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Mites are polyphagous. Major hosts are potato, tomato, tobacco, pepper, eggplant, pumpkins and squashes, cucumber, watermelon, celery, maize, beans, strawberry, cotton, citrus, papaya.

Scientific description of Mites (2020)

Based on J. Kroschel. et al. (2020) Insect Pests Affecting Potatoes in Tropical, Subtropical, and Temperate Regions. In: Campos H., Ortiz O. (eds) The Potato Crop. Springer, Cham

The authors of this content are Jürgen Kroschel, Norma Mujica, Joshua Okonya, Andrei Alyokhin
Tetranychus urticae C. L. Koch, T. evansi Baker & Prichard, Polyphagotarsone-mus latus (Banks) (Arachnidae: Trombidiformis, Tarsonemidae)

Distribution

The origin of the tomato or tobacco red-spider mite Tetranychus evansi is Brazil. The pest was accidentally introduced into Southern Africa during the 1980s. The two spotted- or red-spider mite Tetranychus urticae and the broad mite Polyphagotarsonemus latus are widely distributed in both tropical and subtropical areas of the world (CABI 2017g, h) (image below).

Tetranychus urticae feeding on a potato leaf (a), and symptoms of white mite feeding causing deformation of buds and tender leaves (b) and toasted appearance on the underside of a potato leaf (c). (Courtesy: CIP)

Host range

Mites are polyphagous. Major hosts are potato, tomato, tobacco, pepper, eggplant, pumpkins and squashes (Cucurbita pepo L.), cucumber, watermelon, celery, maize, beans, strawberry (Fragaria × ananassa), cotton, citrus, papaya (Carica papaya L.) (Hazzard 2013; Landis and Davis 1947; Goftishu et al. 2016).

Symptoms of infestation

T. urticae and related mites are generally known as red spiders, although red is not always their characteristic color. Mites are extremely small, almost microscopic, and feed on the cellular matter of leaves. Chlorotic spots caused by mites give leaves a tan coloring, whereas high infestation will cause leaf and plant wilting. P. latus attacks sprouts and tender leaves, deforming them.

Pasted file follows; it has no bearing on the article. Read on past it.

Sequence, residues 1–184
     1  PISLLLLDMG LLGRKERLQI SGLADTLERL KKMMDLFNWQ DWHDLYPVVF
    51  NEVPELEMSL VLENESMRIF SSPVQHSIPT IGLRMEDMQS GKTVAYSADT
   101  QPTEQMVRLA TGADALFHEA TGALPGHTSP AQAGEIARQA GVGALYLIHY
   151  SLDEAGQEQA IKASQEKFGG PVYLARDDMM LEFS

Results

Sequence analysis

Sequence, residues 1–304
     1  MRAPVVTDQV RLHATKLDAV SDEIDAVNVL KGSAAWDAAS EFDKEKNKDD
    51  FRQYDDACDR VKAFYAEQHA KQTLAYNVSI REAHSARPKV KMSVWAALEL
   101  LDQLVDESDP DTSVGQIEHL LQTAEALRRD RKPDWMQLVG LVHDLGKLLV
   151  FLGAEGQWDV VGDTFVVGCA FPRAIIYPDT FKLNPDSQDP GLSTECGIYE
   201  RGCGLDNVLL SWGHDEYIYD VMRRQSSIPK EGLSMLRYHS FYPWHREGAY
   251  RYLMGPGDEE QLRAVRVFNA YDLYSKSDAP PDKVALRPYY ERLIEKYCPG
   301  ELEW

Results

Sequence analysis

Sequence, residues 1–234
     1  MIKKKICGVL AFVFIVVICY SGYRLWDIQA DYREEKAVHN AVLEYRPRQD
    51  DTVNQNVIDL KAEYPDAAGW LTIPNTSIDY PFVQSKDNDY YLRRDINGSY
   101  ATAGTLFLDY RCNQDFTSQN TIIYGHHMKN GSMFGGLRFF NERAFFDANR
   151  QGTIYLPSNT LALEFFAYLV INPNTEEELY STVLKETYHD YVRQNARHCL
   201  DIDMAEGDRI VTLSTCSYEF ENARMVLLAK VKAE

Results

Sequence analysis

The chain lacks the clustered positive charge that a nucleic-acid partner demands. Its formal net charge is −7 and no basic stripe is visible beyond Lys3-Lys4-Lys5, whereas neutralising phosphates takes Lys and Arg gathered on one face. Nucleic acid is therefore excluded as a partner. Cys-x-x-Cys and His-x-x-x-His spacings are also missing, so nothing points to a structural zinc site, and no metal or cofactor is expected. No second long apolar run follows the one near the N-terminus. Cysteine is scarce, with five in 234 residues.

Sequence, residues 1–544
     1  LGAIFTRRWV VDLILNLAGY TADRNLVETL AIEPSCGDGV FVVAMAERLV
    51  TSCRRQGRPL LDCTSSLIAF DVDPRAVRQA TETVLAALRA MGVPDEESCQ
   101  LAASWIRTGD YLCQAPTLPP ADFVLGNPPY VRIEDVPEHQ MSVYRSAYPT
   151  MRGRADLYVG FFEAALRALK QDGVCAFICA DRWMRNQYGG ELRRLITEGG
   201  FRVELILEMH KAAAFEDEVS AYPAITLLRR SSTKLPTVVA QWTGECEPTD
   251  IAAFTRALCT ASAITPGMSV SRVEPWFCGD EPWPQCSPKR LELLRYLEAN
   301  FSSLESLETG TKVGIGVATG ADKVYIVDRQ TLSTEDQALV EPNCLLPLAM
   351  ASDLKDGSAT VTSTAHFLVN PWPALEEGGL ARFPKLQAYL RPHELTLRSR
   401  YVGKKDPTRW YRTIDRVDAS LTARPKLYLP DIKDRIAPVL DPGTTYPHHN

Damage to growing plants is particularly severe. The white mite colonies are located on the underside of the young leaves and on the buds. The infested plants take a dark to moderate green coloration and develop a somewhat leathery appearance.

Heavy infestation may result in plant death (CIP 1996; Larrain et al. 2003; Sanchez and Vergara 2002; Landis and Davis 1947).

Impacts on production losses

Plants with severe damage of P. latus do not form tubers and remain very small. When infestations occur in an intense and violent way they can cause the destruction of entire crop field. In the same way, attack by hundreds or thousands of red spider mites can cause thousands of lesions, thus can significantly reduce the photosynthetic capability of plants (CIP 1996; Larrain et al. 2003; Sanchez and Vergara 2002).

Methods of prevention and control

  • Monitoring.
    Mite infestations normally begin at boundaries of the potato fields especially those neighboring fields of preferred host plants such as maize, alfalfa, and mint. Stressed potato plants tend to be more susceptible.

    Mites can build high populations in a very short time during hot (above 30 °C) dry seasons. Constant visual monitoring and early detection is key. Check on the underside of leaves that show symptoms of nutrient deficiency (CABI 2017g, h).

  • Cultural practices.
    Sprinkler irrigation helps to limit mite damage by increasing the humidity (above 60%) on plant leaves, thus making conditions less favorable for mites. Proper field sanitation is done through removal of infested plants and volunteer crops (CIP 1996; CABI 2017g, h).

  • Natural control.
    Often mites are kept under control by their natural enemies, including predatory thrips, lacewings, gall midges (Feltiella acarisuga Vallot) and ladybird beetles (Stethorus punctillum Weise) and predatory mites (Phytoseiulus persimilis Athias-Henriot, Neoseiulus californicus (McGregor), Amblyseius andersonii Berlese, Galendromus occidentalis Nesbitt, Mesoseiulus longipes, and Hypoaspis miles Berlese (Pundt 2007).

    Mites become primary pest when natural enemies are destroyed by insecticide applications to control other insect pests. So, avoid use of nonselective pesticides which reduce predatory mite populations.

  • Biopesticides.
    Plant extracts such as azadirachtin (neem oil), or from cotton seed, soybean, clover, garlic, rosemary (Rosemarinus officinalis L.), and pyrethrum have shown some efficacy against red spider mites (CABI 2017g, h).

  • Chemical control.
    When control measures are required, usually a single application of an acaricide is sufficient especially when populations are still low (less than five mites per plant). In some cases, focal treatments are recommended using either soap, sulphur, Bifenazate, abamectin, spirotetramat, and spiromesifen (Hazzard 2008).

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